Rob: The span is about 41" or 1040mm. All up weight less battery 16 oz or 500g. I started using an 8 cell pack of NiCad AA 600's, which worked fine. Last week we tried 8 cell CP1200 sized Nicads (from a cordless drill) figuring that it heaps of power to drag the bigger pack around. Just needed a bit more "hollowing" of the canopy. Still flew great. (In fact that's when it flew on one motor!)
I have just got 2mm Graupner prop adapters with the 2 grub-screws so that should end the prop coming off dramas. The GWS motors have a series of ridges on the shaft (supposedly to hold on the rubber spinner) which have to be removed to fit the Graupner adapters. This is easily achieved by running the motors up, and holding a flat file against the shaft, until the ridges are removed, constantly checking to see when the adapter fits, so you dont file too much. And here are some "under construction" photos. Most are self evident, but I'll throw in some comments as needed.
1st photo shows fus construction: 1/16" sheet sides blue-foam top, 1/8" crossgrain battery floor. Blue-foam wing with balsa LE and TE, full width strip ailerons, and two 1/8" ply dihedral braces/spars. Blue-foam nacelles. Aileron and elevator servos mounted.
Mar 06, 2003, 07:05 PM
Oz Member
Ragnar's Avatar
Here's a shot of the internal elevator link. The original plan called for just one elevator on one side, but I decided, if for no other reason than it looked better, to go for both.
Mar 06, 2003, 07:09 PM
Oz Member
Ragnar's Avatar
Nearly finished, with the canopy removed to show heavy wiring from motors coming out from wing, Rx held in with velcro, and with GWS 10A ESC, which ended up not "cutting the mustard" and being replaced with a 400 rondo type I had kicking around.
Mar 06, 2003, 07:24 PM
Oz Member
Ragnar's Avatar
Her's an under view showing the 1/16" ply landing gear spar, and the back half of the nacelles removed to get them on. Later the bits were stuck back on. The lower fuselage foam blocks yet to be fitted, including the bit over the wing. You can just see the 1/4" dowel going into the front former, but can't quite see the 3mm socket head retaining bolts at the back, on that ply strengthener. (Mind you, I've never taken the wings off yet, 'cause it's small enough to fit in the car assembled.) Note also I openned up the chin radiators to allow the out flow of hot air from the motors. The idea of simply gluing them in with hot-melt glue, means maximum air inlet, and I aligned the outlet near the brushes with the chin radiator.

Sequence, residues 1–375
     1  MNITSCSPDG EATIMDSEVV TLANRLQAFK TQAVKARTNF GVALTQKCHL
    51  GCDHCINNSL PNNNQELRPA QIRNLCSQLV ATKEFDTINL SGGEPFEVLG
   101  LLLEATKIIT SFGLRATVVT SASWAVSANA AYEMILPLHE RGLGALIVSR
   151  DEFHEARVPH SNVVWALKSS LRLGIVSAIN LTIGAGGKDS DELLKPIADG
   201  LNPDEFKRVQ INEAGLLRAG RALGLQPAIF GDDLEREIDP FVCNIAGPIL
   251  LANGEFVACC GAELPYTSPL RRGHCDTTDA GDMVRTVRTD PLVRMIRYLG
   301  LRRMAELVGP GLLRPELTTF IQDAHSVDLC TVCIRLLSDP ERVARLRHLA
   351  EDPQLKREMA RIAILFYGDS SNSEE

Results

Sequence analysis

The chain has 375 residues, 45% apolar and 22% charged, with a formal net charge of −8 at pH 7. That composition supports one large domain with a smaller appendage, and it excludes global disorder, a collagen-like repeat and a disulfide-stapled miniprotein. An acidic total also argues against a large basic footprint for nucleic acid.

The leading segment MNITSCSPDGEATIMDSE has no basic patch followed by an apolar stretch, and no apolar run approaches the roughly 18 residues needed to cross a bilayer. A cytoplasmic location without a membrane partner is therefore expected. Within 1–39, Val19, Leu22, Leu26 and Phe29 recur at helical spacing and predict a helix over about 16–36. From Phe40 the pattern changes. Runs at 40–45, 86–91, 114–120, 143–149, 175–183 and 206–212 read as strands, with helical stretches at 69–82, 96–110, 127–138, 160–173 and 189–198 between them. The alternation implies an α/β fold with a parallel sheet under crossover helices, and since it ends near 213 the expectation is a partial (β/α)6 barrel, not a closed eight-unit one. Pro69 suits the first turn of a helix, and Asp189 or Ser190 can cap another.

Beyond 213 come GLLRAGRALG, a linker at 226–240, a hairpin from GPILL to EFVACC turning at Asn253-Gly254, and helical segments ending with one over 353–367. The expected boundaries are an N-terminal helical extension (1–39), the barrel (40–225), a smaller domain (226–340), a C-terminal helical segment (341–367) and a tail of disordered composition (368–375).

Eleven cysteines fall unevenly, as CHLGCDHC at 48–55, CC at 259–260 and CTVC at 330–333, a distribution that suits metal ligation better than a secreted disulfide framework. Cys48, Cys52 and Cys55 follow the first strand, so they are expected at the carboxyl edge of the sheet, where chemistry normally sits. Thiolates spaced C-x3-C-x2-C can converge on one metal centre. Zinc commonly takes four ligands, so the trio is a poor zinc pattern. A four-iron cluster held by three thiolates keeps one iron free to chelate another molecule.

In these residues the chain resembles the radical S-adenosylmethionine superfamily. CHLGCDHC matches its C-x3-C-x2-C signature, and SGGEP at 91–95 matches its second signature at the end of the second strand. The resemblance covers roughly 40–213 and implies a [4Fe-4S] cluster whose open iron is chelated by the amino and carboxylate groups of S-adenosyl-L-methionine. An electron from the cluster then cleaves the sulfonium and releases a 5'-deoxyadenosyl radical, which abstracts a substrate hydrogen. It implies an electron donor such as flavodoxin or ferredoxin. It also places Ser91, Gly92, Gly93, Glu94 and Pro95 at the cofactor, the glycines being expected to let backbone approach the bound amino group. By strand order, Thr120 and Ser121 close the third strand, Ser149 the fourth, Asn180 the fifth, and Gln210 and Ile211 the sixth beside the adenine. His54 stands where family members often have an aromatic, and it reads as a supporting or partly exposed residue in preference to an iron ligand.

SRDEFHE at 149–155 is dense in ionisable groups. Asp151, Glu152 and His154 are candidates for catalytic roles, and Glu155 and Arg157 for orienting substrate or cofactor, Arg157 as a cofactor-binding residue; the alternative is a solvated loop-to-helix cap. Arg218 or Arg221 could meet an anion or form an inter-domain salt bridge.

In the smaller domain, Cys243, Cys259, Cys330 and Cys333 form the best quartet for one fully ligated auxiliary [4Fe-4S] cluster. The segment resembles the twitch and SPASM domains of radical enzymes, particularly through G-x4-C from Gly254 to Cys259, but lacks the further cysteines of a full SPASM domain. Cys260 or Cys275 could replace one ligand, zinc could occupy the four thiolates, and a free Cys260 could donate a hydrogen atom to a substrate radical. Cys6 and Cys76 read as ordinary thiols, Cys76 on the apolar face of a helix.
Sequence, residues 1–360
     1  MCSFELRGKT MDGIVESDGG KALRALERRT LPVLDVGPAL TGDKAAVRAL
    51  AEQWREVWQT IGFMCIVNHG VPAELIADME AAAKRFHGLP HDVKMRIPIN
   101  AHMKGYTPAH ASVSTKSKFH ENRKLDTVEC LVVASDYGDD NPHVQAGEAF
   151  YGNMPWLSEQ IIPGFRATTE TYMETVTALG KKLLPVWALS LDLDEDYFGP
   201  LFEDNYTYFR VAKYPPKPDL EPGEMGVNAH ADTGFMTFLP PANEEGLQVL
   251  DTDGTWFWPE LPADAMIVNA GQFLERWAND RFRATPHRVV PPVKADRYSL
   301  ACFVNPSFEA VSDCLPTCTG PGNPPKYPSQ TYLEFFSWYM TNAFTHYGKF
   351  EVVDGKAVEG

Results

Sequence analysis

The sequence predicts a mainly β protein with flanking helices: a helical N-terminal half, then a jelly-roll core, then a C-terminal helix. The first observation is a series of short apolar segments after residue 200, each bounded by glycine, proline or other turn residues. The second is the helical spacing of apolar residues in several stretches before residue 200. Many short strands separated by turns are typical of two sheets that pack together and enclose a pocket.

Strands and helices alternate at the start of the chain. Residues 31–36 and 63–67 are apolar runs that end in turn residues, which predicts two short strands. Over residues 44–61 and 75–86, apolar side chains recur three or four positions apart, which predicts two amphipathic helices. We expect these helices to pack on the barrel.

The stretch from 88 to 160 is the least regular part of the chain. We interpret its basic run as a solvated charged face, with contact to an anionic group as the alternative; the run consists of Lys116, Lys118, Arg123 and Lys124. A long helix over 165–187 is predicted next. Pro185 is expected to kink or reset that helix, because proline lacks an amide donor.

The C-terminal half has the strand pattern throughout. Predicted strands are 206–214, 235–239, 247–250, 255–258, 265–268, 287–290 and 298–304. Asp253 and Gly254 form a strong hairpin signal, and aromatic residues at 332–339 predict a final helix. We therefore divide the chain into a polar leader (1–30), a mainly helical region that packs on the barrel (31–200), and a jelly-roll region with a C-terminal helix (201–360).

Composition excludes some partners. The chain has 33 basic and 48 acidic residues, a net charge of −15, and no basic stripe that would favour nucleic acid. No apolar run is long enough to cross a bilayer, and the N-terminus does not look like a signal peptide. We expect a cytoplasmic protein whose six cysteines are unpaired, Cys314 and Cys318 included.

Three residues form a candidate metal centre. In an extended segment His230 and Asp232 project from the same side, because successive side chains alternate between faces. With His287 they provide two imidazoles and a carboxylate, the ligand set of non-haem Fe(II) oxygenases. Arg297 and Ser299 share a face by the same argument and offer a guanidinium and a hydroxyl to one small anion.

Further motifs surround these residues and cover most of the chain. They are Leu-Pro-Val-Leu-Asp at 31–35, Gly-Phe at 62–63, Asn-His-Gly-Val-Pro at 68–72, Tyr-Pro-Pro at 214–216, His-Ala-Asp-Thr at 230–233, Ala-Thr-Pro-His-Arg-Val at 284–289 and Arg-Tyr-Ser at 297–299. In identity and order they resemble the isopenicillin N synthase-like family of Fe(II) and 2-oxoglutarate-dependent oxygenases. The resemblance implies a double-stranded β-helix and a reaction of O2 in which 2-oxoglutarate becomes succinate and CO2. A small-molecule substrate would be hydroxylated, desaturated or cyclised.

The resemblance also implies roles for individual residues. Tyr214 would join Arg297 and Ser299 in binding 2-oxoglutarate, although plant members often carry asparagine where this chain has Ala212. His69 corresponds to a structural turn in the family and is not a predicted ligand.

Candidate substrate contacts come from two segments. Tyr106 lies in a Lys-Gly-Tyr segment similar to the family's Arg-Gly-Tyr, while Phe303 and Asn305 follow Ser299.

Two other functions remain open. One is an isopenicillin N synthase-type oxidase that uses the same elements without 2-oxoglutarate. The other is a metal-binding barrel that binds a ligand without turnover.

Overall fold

Mar 06, 2003, 07:33 PM
Oz Member
Ragnar's Avatar
Last one for now. This is a shot of the Shulz rondo ESC, and heavier wiring since the GWS unit got a tad warm and melted the connectors on it. You can also see the carved blue-foam carb intake, and just see the (brown) carved balsa exhaust stacks. The aircraft was covered with tissue and PVA, but I got more wrickles than you can poke a stick at. (Luckily they don't show in the photos, and certainly not when its flying!) Next time I'll go pack to brown paper, may be a tad heavier, but covers nicely, but hey, I had to give it a whirl.
Mar 07, 2003, 08:42 AM
DesignGeek's Avatar
Thanks for the detail. A nice model of an interesting subject.
Mar 07, 2003, 10:04 AM
RPV builder & operator
Pierre Audette's Avatar
I've got a twin with some generic S280 that has sufficient power on 7x600AE, but I also have a pair of Graupner S300 7.2V (GR7302), such as those used in their mini Piper. Any idea how these compared to the GWS S280 motors?
Mar 07, 2003, 02:57 PM
Lithium Member
Herb's Avatar
Very nice Ragnar, I love it !!
Mar 07, 2003, 07:57 PM
Registered User
I believe that the Grupner 300 would be about the same. I initially used the GWS 4.5 x 4 props and the current draw was 4.8A per motor static. so if the Graupner jobs pull about the same then your in the ball park. The GWS dd 280's are much "hotter" than their gearbox jobs, heaps more pull. I've now got the Graupner adapters, and tomorrow I'll try them with Cox three bladed 5 x 3 props. See pic below!
Mar 08, 2003, 08:58 AM
UAV Driver
IAD's Avatar
You really get that much power out of the GWS-280s?? Wow!

Now, my trademark question: How much wing area?